ROCHESTER, N.Y. -- As the FBI continues to investigate why Omar Mateen opened fire Sunday at a gay nightclub in Orlando, killing 49 people, in Rochester, the feeling that this affects all of us, from a community to a country divided over issues like gun control, lingered in the air Monday.
"I was sickened to hear the news. This is just another attack on American values," said Lt. Gov. Kathy Hochul, D-New York.
"I don't know that you ever heal," said Brae Adams, Open Arms Metropolitan Community Church. "I think that you'll change and you'll grow and move forward because that's what you have to do."
"Obviously this is an act of terrorism and we need to do more as members of Congress to stop this senseless violence," said Sen. Kirsten Gillibrand, D-New York.
"People think that if they ban a certain class of guns or make more restrictions on law-abiding people it's going to stop this wave of Islamic terrorism, and it's not," said Stephen Alstadt, SCOPE.
"When people criticize the governor for instituting the SAFE Act, I think they should know that they are safer in our state so someone cannot a week before an assault like this can walk into a gun shop and just buy it," said Hochul.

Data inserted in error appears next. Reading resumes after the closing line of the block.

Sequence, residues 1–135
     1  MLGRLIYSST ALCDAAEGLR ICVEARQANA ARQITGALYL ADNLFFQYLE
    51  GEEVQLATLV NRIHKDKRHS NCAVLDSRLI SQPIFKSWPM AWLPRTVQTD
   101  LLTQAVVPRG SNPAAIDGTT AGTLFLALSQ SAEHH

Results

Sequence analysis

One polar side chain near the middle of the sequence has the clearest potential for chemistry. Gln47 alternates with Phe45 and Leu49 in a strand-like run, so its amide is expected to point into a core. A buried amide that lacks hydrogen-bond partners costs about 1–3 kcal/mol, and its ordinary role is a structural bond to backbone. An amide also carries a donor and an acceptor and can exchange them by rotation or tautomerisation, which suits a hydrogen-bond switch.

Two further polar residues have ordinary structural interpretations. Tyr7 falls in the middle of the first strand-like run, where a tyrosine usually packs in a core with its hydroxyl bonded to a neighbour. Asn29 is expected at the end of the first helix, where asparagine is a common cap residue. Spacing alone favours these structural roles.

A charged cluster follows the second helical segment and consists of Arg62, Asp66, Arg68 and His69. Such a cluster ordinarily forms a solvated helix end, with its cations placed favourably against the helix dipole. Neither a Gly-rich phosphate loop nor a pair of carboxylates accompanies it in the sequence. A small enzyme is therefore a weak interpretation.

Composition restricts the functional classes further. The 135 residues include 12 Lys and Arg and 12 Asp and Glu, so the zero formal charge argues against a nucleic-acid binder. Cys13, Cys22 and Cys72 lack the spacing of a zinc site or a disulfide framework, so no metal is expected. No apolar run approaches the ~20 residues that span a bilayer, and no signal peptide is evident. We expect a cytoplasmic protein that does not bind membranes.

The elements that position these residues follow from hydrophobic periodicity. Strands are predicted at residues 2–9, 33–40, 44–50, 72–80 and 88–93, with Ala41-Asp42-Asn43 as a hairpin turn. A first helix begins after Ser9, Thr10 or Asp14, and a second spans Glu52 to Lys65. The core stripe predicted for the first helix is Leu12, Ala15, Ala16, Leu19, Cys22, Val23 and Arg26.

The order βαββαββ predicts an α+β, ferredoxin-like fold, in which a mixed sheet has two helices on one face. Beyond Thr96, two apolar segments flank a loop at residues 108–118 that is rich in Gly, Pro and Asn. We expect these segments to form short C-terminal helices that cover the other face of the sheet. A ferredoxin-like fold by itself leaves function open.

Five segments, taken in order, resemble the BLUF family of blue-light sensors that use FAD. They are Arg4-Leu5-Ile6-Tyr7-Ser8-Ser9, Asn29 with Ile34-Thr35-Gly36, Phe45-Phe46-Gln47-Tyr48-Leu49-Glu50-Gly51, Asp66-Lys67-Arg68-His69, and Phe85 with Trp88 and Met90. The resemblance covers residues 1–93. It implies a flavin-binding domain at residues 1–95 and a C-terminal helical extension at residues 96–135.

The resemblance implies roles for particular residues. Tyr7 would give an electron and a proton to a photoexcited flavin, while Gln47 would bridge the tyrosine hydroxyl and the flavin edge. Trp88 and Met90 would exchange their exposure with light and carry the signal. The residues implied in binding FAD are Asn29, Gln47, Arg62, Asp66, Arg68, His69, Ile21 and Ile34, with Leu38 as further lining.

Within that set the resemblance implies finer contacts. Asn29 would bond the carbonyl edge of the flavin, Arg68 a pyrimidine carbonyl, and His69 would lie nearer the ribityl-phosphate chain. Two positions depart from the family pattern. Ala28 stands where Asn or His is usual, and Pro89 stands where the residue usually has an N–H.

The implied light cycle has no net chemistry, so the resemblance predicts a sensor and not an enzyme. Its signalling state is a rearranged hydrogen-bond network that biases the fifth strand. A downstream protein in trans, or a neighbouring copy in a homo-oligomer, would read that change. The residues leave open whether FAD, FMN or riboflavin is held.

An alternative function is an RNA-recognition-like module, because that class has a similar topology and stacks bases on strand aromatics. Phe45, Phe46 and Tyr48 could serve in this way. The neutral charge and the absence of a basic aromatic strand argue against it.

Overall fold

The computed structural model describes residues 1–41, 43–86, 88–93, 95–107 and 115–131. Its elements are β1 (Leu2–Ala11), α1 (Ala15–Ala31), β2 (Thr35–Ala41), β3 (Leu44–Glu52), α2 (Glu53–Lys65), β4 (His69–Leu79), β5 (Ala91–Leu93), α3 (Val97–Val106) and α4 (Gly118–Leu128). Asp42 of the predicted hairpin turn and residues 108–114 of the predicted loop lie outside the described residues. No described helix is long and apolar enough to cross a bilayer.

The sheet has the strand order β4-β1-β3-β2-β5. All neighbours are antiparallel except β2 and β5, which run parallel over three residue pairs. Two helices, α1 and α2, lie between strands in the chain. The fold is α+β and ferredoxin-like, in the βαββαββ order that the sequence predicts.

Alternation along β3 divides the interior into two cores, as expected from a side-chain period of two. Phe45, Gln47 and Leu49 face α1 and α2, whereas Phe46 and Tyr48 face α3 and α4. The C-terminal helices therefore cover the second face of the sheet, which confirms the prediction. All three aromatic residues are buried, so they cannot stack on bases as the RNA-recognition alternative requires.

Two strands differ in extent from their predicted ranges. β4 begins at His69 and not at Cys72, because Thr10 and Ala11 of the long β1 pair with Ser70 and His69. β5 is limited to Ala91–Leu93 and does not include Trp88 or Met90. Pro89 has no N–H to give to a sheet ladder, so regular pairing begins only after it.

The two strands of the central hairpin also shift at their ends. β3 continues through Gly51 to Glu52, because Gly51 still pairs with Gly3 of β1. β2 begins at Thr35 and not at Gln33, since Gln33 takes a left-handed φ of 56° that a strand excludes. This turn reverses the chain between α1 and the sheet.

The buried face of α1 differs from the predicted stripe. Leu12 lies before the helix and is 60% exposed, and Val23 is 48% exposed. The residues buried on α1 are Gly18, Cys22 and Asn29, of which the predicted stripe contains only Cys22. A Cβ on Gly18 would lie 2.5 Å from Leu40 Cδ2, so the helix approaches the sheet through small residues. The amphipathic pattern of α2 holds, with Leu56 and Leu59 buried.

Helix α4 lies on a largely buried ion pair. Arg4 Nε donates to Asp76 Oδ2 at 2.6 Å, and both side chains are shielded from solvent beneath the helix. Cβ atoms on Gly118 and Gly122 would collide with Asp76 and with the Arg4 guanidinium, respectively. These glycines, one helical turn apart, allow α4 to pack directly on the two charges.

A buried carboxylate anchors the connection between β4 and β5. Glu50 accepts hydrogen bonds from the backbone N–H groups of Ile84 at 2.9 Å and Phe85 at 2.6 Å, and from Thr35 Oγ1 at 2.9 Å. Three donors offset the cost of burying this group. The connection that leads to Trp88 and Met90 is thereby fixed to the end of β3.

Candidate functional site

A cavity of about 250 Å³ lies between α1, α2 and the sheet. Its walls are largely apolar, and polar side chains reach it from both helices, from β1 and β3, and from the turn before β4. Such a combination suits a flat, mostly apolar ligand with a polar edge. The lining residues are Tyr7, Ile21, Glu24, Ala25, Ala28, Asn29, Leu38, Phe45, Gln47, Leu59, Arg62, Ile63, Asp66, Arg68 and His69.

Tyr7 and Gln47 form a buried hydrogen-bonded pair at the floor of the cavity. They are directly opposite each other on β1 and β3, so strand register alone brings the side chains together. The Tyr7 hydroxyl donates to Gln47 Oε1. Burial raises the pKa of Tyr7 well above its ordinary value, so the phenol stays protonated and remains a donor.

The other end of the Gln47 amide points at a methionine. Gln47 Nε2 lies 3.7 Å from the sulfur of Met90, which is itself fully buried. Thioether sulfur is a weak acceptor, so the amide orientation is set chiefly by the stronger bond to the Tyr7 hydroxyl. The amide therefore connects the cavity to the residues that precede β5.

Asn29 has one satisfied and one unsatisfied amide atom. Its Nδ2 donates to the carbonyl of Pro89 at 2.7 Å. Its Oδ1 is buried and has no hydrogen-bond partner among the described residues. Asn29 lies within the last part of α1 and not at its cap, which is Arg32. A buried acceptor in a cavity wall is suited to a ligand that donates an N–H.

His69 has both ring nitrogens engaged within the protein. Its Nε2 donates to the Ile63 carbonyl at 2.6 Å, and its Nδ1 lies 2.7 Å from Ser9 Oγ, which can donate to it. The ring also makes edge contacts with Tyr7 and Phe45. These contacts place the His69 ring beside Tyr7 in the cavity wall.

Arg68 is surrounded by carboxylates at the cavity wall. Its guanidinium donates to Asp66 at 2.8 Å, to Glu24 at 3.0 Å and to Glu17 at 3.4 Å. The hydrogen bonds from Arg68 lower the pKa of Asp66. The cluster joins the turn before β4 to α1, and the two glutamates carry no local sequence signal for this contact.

"It's simply tragic. We extend all of our condolences," said Sareer Fazili, Islamic Center of Rochester. "ISIS is some fringe radical element that has very little to any basis is Islam at all. Some of their practices are the farthest thing from Islam."
In Rochester's Islamic community, leaders say there needs to be a dialogue. About the terrorist's target, a gay nightclub, Fazili acknowledges that Islam does not accept homosexuality, but not different than the Christian Bible.
"So the Quran is the Quran, I know what it says and I'm not going to debate it," Fazili said. "Does the Quran teach me to be violent against people who do not follow it strictly? No, it does not. That is not my position."
Public safety is always a concern and up for scrutiny when something like this happens. Rochester's police chief has reached out to LGBT community to ensure people they're safe.
"We want to be as vigilant as possible with this and make sure a tragedy like this does not take place here in Rochester," said Mayor Lovely Warren, D-Rochester.
Statewide, police are paying close attention to transportation systems and tourist spots, potential targets which the Lieutenant Governor says are vulnerable. That word "vulnerable" fits this day as much as it ever has.
"It doesn't matter if it's a school room, a nightclub, it doesn't matter," Hochul said. "This is an attack on all of us. An attack on one of us is an attack on all of us."